On human nature, Justice Crabbe said in the modern era, men and women have everything going for them. They have classified, arranged and pigeonholed a vast amount of knowledge on almost every conceivable subject except the basic question of life. “What is my true nature as an individual? Where did we come from? Where are we going? What is the true meaning of life”, he asked
He said people know a lot about the physical world around them but not much about the spiritual world within them, observing that when people talk about the conflict between nations, they fail to understand that the basic conflict is between man and himself. What one misses most today, he said, is the evidence of widespread personal determination to develop a character that will in itself, make for happiness given any reasonable odds.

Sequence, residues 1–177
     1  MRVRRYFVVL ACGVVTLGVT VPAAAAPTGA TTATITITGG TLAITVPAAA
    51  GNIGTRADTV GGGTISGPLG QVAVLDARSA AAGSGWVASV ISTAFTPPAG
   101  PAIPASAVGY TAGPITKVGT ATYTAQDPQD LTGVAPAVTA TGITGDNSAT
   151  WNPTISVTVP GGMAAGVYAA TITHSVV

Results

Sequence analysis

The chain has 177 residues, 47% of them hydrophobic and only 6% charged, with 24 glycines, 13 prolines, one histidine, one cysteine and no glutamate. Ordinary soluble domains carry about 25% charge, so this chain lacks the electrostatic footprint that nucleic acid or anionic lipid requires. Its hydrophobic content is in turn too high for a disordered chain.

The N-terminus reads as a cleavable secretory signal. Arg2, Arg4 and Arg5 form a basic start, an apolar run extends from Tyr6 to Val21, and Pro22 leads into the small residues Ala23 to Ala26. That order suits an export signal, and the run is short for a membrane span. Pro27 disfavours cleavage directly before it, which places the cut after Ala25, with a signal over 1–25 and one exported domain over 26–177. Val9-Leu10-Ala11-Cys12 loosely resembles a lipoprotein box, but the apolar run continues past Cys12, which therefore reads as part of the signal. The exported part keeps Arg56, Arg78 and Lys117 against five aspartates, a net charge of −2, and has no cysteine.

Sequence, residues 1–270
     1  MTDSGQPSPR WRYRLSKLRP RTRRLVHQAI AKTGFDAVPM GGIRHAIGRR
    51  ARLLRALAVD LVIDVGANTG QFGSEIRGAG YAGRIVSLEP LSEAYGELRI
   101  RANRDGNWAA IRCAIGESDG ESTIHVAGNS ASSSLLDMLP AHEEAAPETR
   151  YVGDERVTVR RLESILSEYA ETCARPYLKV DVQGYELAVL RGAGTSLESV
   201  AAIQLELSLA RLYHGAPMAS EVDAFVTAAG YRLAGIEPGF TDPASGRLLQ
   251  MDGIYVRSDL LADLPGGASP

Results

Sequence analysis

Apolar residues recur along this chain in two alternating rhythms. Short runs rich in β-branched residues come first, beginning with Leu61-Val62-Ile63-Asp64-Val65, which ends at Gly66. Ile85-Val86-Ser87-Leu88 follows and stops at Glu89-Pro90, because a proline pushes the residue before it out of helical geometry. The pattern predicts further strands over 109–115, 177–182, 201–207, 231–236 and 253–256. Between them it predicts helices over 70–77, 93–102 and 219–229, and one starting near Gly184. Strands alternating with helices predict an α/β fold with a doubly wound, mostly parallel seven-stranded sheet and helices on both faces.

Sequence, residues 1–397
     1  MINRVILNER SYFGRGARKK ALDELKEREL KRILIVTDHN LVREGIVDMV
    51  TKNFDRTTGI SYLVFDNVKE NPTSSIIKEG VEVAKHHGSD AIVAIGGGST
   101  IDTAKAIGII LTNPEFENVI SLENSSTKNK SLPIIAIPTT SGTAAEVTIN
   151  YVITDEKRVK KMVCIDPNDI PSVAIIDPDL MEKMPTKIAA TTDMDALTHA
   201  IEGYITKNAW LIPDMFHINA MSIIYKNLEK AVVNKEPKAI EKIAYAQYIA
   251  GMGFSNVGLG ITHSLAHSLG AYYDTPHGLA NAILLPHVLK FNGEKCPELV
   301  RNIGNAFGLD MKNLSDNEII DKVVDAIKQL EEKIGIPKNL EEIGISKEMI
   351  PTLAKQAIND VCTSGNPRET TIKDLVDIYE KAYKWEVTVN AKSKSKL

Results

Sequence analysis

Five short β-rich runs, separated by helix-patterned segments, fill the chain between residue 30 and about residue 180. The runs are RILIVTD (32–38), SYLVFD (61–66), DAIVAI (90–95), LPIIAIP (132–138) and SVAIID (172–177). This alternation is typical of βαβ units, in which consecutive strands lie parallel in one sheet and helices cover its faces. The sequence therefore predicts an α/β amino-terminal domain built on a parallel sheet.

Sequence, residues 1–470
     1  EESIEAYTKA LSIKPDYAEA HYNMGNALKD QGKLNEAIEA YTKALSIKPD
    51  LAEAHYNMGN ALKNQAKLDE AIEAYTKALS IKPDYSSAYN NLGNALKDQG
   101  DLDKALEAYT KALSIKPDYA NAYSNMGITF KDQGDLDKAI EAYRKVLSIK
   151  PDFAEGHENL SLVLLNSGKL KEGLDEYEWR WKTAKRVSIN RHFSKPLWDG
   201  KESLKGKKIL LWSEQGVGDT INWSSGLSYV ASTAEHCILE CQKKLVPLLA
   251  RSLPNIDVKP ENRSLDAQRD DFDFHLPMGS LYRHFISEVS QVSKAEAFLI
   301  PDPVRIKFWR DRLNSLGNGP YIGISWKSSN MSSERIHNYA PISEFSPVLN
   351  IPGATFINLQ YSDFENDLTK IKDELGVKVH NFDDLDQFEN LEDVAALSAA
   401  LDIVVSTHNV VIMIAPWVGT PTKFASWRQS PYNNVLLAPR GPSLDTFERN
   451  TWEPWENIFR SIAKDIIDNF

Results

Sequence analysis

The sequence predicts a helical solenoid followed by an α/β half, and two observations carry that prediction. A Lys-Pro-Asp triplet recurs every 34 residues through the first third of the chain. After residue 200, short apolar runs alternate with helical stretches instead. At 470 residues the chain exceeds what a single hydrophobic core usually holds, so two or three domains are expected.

“The whole emphasis is on the reform of living conditions, of increased wages – not on production – of controls on the economic structure – the government approach. What about improving our basic nature as human beings? Why do we live in fear rather than in hope? Why do we have to live in antagonism and distrust rather than in harmony and co-operation”, he asked.
On cause and effect, the eminent lawyer made reference to the old adage: whatsoever a man soweth that shall he also reap, and said “we cannot sew corruption and reap economic development. We cannot sew division and reap cohesion. We cannot sew polarization and reap unity. It is the eternal law of nature that there can be no effect without a cause. To eliminate the effect we must first remove the cause”.